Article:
For a few months, the incandescent glow of the remnants of the former red supergiant is a hundred billion times as luminous as the Sun.  For a few months, it is nearly as bright as all the rest of the stars in the galaxy combined.  Even six months later, it can still be a hundred million times brighter than the Sun.  Yet, even this brilliant light represents only a percent or so of the energy in the ejected gas, which itself contained less than a percent of the energy generated by the neutrino pulse that signaled the final core collapse.  If by some awful mechanism all the energy in a core collapse could be turned into light, then even an explosion 500 light-years from Earth would roast us under heat and light brighter than the Sun's.  A star that experiences such an explosion is called a supernova.  These explosions are rare:  there has not been a visible supernova in the Milky Way since 1604.  (Luckily, since supernovas are so bright, it is easy to observe them in other galaxies.)

Figure 1   The Crab Nebula
In the aftermath of the explosion, the neutron core is left naked and alone in space.  Hence astronomers call it a neutron star.  A bit of matter is usually ripped off its surface by the supernova explosion, so neutron stars usually have a mass about 1.3 times that of the Sun.  Normally they emerge with a rotation of at least 10 times per second, and possess magnetic fields a trillion times as strong as Earth's.  Such a field, combined with their dynamo-like rotation rate, means that a newborn neutron star is something like a giant particle accelerator.  Electrons caught in the whirling magnetic fields are accelerated nearly to the speed of light and beamed away.  Whopping amounts of radiation pour out of the new neutron star, lighting up the fleeing gases from its former red-giant life in much the same way that lesser stars light up planetary nebula.  The light show doesn't last too long by galactic standards:  the only source of energy available to the neutron star is its rotation, and even though a flywheel 12 miles across and weighing in at 430,000 times the mass of the Earth is a formidable flywheel, it still must run down.  It takes about 25,000 years.

The most prominent neutron star as seen from Earth is the one at the center of the Crab Nebula, shown in Figure 1.  This nebula is expanding so swiftly that small differences between this photo and photos taken only 60 years ago can be seen with the unaided eye.  The Crab Nebula is the aftermath of a supernova that exploded in 1054 AD.  (Well, to be precise, the light from the explosion reached Earth in 1054 AD.  The star itself exploded some 6000 years before that.)  This supernova was so bright it could be seen during the day, and it was observed and recorded by everyone from the Navaho to the Chinese.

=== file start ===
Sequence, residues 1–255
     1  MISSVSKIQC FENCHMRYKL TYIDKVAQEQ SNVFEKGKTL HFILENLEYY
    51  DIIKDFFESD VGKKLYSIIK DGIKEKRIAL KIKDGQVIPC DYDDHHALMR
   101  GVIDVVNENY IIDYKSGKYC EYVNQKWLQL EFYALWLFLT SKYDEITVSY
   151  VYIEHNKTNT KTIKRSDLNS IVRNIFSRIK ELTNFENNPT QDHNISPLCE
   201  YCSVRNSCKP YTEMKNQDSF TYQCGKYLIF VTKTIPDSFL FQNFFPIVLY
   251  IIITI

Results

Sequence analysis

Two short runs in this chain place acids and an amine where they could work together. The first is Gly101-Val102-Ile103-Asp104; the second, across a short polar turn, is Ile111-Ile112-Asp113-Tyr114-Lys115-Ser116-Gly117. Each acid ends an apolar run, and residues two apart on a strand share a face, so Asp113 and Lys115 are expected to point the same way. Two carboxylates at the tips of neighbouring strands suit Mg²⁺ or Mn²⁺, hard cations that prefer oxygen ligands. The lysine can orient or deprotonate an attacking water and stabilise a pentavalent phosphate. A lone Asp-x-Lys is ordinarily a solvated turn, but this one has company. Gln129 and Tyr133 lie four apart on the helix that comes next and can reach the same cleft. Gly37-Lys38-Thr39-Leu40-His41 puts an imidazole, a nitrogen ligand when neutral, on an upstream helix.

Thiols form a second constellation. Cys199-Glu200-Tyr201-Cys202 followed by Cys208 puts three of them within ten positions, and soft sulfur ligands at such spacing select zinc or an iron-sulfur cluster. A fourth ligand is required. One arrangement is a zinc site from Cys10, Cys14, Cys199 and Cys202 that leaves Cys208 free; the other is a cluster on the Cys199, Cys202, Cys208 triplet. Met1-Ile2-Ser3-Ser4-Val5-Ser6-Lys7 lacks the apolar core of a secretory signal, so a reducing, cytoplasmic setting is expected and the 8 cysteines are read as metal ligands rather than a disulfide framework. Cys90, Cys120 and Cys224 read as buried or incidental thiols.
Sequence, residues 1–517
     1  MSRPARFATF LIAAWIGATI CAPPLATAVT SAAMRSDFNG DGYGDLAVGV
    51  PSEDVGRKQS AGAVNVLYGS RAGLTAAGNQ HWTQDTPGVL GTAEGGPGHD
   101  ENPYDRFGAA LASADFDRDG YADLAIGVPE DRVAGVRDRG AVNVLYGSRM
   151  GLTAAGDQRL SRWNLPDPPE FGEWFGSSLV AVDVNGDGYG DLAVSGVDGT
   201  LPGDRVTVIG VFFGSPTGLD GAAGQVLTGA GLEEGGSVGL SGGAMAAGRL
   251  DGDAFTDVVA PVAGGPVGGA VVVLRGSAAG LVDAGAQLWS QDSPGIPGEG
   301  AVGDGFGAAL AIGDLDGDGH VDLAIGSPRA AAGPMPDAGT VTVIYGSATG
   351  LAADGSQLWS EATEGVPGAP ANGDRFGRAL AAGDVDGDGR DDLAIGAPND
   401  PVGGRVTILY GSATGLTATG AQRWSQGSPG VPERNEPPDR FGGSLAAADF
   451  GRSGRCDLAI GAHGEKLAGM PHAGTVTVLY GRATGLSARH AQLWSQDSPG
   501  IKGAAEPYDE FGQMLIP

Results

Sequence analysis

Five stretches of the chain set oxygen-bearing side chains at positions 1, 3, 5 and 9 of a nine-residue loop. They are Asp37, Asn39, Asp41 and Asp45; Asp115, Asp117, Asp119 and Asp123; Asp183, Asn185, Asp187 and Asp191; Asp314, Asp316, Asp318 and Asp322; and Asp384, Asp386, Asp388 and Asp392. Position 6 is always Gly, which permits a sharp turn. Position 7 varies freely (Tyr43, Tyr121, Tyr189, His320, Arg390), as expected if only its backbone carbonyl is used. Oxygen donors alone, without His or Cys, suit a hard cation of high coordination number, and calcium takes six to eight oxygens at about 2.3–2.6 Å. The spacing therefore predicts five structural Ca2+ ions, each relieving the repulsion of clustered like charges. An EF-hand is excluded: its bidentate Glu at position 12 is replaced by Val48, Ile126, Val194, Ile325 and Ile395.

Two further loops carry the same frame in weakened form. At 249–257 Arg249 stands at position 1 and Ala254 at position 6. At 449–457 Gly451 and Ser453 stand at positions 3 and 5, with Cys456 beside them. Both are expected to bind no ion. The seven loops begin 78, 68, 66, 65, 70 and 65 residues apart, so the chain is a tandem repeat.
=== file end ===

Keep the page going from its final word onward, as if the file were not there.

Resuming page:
The neutron star at the center of the Crab Nebula rotates about 30 times per second.  In the late 1960's it was one of the first so-called "pulsars" to be identified.  Pulsars are rapidly rotating neutron stars that have magnetic hot spots on their surface which send out beams of radiation something like the beacon on a lighthouse.  As the beam flicks across the Earth, the neutron star appears to emit a sudden pulse of radio waves, hence the name.  Due to a neutron star's immense rotational inertia, pulsars blink with a precision that rivals that of an atomic clock.  When pulsars were first detected, astronomers were so uncertain whether any natural phenomena could produce such precision timing that they only half-jokingly christened the pulsars as LGM-1, LGM-2, etc.  The LGM stood for Little Green Men, because they had doubts that anything except an advanced civilization could produce such a beacon.

To the great frustration of astronomers, there has not been a visible supernova close to the Earth since the advent of space-based telescopes.  The supernova known as SN 1987a is, at about 180,000 light years, the closest so far.  A new supernove as close as that which made the Crab Nebula would send astronomers stampeding to the nearest observatory so swiftly, there is little doubt that a few junior Fellows would end up on the floor with footprints on their backs . . .

Next:  Type II – The Other Supernova